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How ROS Packages work with each other?

asked 2016-04-07 12:57:11 -0500

rosder gravatar image

updated 2016-04-13 06:55:14 -0500

Airuno2L gravatar image

Update2:

As the source code is configured in a catkin workspace, does every package needs a catkin work space or I can put all what I need and what I am developing in one workspace?

Thanks for the answer from @jarvisschultz


Update:

If I want to make modification to some packages, should it be installed by source or sudo install? Any difference?

Thanks for the answer from @jarvisschultz


How ros packages work with each other?

There are packages built from source or built from binary packages, but how do they work?

Any explanations or examples are welcomed

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If you would like to modify the source code for packages you should definitely be installing the packages from source. One reason would be that many apt-get packages don't include the source code (e.g. C++ nodes will only include the compiled binary not the code).

jarvisschultz gravatar image jarvisschultz  ( 2016-04-11 17:47:05 -0500 )edit

As another rule of thumb, you generally want to avoid editing code, configurations, scripts, etc. that are placed in areas of your filesystem requiring "root access". Let's say you edit a Python script in /opt/ros/indigo/ . Then the next update to the containing package will overwrite your changes.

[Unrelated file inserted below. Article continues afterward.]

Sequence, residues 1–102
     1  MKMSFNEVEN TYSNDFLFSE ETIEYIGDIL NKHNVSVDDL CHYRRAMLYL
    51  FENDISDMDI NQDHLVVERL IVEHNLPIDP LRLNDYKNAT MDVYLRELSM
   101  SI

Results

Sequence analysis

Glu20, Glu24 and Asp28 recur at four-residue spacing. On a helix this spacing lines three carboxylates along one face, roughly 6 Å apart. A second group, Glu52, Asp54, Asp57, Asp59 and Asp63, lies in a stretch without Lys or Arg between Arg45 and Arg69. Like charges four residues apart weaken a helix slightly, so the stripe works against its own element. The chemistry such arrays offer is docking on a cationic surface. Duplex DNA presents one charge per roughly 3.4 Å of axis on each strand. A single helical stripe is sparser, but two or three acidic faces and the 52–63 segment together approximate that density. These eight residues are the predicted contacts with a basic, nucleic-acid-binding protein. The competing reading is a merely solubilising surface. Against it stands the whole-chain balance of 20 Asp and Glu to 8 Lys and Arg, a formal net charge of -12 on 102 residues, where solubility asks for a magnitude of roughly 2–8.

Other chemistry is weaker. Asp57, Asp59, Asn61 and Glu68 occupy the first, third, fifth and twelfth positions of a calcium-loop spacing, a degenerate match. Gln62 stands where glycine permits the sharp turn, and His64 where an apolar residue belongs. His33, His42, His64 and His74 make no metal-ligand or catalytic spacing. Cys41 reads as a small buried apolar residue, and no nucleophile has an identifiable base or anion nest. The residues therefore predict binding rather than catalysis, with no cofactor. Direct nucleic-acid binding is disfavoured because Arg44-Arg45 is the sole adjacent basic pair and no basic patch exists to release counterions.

jarvisschultz gravatar image jarvisschultz  ( 2016-04-11 17:48:40 -0500 )edit

The "root access" rule, of course, doesn't always apply. Sometimes you have to edit these things, but try to avoid it unless absolutely necessary.

jarvisschultz gravatar image jarvisschultz  ( 2016-04-11 17:49:42 -0500 )edit

You can put many packages into a single workspace. You may also want to investigate the concept of workspace chaining AKA workspace overlaying. http://wiki.ros.org/catkin/Tutorials/...

jarvisschultz gravatar image jarvisschultz  ( 2016-04-13 08:36:53 -0500 )edit

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answered 2016-04-07 14:11:52 -0500

I suggest you read the ROS Packages page describing the concept of packages. It provides detailed explanations of what a package is, what may be included in a package, how packages define dependencies on other packages, how command line tools and ROS introspection tools operate within the package construct, and more. The distinction of a "binary" package (a package installed with apt-get... a debian package) and a source package (a package that is most likely in a catkin workspace that was compiled on your machine with catkin_make) has very little to do with what a package itself is. If you find yourself confused by the descriptions on the linked page, please edit your original question to provide more detailed questions.

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Asked: 2016-04-07 12:57:11 -0500

Seen: 183 times

Last updated: Apr 12 '16